Solving Homework Equations with Air Standard Assumptions

In summary, to solve for the velocity at the exit of the nozzle and the overall propulsion efficiency, you can use the isentropic relations and the equation W/Qin. The isentropic relations will allow you to calculate the velocity at the nozzle exit using the pressure and temperature at the nozzle inlet. The overall propulsion efficiency can be calculated by using the head addition and total energy input equations. To calculate the total energy input, you can use the mass flow rate, specific heat at constant pressure for air, and the temperatures at the nozzle exit and inlet. This can all be done using Air Standard assumptions.
  • #1
PenTrik
16
0
I usually try to avoid asking how to do entire question sets, but I'm officially at loss at the moment. I need a point in the right direction.

Homework Statement


I have a ramjet that has a velocity of 2500 km/h, pressure is 40 kPa, and temperature is 240K
Head addition is 1080 kJ/kG
Velocity at diffuser exit and nozzle inlet can be neglected

Homework Equations


Propulsion efficiency = W/Qin

The Attempt at a Solution


I need to solve for velocity at the exit of the nozzle, and overall propulsion efficiency.
I'm also supposed to use Air Standard assumptions. Does this help at all?

If this helps in solving the solution at all, I've solved for the pressure at the diffuser exit to be 457.47, with Pr as 7.268
 
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  • #2
and M as 0.5698.For the velocity at the exit of the nozzle, you can use the isentropic relations to calculate the velocity, given the pressure and temperature at the nozzle inlet (which, in this case, are the same as the diffuser exit). The isentropic relations are:P2/P1 = (T2/T1)^(k/(k-1)) V2/V1 = (T2/T1)^((k-1)/k) Where P2 and T2 are the pressure and temperature at the nozzle exit, respectively, and P1 and T1 are the pressure and temperature at the nozzle inlet. k is the ratio of specific heats for air. For the overall propulsion efficiency, you can use the equation W/Qin, where W is the head addition (1080 kJ/kG in this case), and Qin is the total energy input. To calculate Qin, you can use the equation Qin = m*cp*(T2-T1), where m is the mass flow rate, cp is the specific heat at constant pressure for air, T2 is the temperature at the nozzle exit, and T1 is the temperature at the nozzle inlet. Hope this helps!
 
  • #3


I would first clarify the specific equations that are needed for solving this problem. Based on the given information, it seems that the ideal gas law (PV = nRT) and the specific heat ratio for air (γ = 1.4) would be useful equations to use in this problem. Additionally, the specific thrust equation (F = m_dot * (V_exit - V_inlet) + (p_exit - p_inlet) * A_exit) may also be relevant in calculating the velocity at the exit of the nozzle.

Next, I would suggest breaking down the problem into smaller, more manageable parts. For example, start by calculating the mass flow rate (m_dot) using the given information and the ideal gas law. Then, use this value to calculate the specific thrust at the exit of the nozzle. From there, you can use the given head addition and the specific thrust equation to solve for the velocity at the exit of the nozzle. Finally, use the given information and the specific thrust equation to calculate the overall propulsion efficiency.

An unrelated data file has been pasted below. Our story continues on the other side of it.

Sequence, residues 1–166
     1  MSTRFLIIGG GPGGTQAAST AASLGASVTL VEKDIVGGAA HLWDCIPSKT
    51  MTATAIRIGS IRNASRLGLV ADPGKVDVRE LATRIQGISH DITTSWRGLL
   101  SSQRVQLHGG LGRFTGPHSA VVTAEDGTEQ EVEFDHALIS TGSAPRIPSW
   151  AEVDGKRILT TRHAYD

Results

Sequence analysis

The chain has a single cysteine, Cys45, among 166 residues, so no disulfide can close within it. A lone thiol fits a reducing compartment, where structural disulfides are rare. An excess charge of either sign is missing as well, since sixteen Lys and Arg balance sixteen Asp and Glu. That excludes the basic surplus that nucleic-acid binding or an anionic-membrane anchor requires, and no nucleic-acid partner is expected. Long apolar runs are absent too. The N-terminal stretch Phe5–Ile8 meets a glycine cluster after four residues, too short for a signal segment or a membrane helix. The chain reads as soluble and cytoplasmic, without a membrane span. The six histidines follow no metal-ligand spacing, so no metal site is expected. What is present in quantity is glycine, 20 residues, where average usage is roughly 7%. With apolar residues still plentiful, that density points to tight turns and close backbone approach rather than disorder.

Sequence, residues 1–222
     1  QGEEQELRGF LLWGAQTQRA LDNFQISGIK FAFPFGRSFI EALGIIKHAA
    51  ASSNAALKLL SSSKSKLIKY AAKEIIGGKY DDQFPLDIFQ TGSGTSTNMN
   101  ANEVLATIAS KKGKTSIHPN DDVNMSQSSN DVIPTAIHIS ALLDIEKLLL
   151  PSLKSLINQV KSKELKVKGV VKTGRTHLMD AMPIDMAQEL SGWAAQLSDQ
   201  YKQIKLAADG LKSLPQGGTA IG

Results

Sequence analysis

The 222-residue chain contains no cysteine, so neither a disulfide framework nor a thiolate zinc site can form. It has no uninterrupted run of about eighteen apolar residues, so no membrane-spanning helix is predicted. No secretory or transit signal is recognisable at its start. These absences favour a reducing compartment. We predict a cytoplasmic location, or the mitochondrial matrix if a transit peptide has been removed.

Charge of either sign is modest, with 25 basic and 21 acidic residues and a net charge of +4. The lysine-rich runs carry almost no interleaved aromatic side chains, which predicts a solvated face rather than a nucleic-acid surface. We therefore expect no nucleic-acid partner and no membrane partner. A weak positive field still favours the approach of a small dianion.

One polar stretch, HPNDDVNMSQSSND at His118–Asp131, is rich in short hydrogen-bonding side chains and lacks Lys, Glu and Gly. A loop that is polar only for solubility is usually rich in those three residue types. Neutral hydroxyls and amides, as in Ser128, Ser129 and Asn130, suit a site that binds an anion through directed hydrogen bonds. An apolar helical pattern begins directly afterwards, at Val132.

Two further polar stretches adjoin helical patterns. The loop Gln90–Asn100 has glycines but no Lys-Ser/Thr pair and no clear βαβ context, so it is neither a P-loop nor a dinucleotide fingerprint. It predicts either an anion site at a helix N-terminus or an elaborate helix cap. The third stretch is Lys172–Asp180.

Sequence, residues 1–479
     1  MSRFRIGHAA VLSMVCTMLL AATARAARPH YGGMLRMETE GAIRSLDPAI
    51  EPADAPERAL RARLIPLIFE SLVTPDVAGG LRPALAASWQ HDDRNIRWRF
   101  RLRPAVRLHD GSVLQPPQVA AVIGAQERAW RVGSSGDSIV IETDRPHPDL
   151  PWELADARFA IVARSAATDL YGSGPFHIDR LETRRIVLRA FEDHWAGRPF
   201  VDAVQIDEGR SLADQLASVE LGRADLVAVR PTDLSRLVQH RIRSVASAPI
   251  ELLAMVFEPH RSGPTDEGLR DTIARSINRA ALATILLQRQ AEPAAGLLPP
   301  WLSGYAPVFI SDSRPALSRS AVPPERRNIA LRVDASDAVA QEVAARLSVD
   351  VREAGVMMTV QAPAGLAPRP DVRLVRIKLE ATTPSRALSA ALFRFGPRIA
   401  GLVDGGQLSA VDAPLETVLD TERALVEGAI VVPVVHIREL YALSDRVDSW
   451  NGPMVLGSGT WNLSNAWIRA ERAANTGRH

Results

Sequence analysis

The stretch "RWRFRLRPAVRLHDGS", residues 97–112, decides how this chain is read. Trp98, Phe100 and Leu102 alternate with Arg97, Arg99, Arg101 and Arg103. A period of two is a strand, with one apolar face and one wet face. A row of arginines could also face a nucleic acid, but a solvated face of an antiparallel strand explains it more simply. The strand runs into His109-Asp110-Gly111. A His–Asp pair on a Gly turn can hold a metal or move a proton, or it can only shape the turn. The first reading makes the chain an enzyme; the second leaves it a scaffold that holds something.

It may also be helpful to review the assumptions made in air standard analysis, such as assuming a perfect gas and neglecting any changes in kinetic and potential energy. These assumptions may affect the accuracy of the solution, so it's important to keep them in mind while solving the problem.

Overall, as a scientist, I would recommend breaking down the problem into smaller steps and using the relevant equations to solve for the desired values. It may also be helpful to consult a textbook or other resources for additional guidance on solving problems using air standard assumptions.
 

Related to Solving Homework Equations with Air Standard Assumptions

What are the air standard assumptions used in solving homework equations?

The air standard assumptions used in solving homework equations include assuming the air to be an ideal gas, constant specific heats, and neglecting the effects of friction and heat transfer within the system.

How do I determine the specific heats for air in homework equations?

The specific heats for air can be found in tables or equations provided in textbooks or online resources. The values may vary depending on the temperature and composition of the air.

Can I apply air standard assumptions to all types of homework equations?

No, air standard assumptions are typically used in thermodynamics problems involving gases. They may not be applicable to other types of equations, such as those involving liquids or solids.

What are the limitations of using air standard assumptions in solving homework equations?

The assumptions may not accurately represent real-world scenarios, as they neglect important factors such as friction and heat transfer. They are also limited to ideal gas behavior, which may not be the case in all situations.

How can I check if the air standard assumptions are valid for my homework equations?

You can check the conditions of your problem against the assumptions and see if they are a good approximation. If the problem involves high pressures or low temperatures, the assumptions may not be valid.

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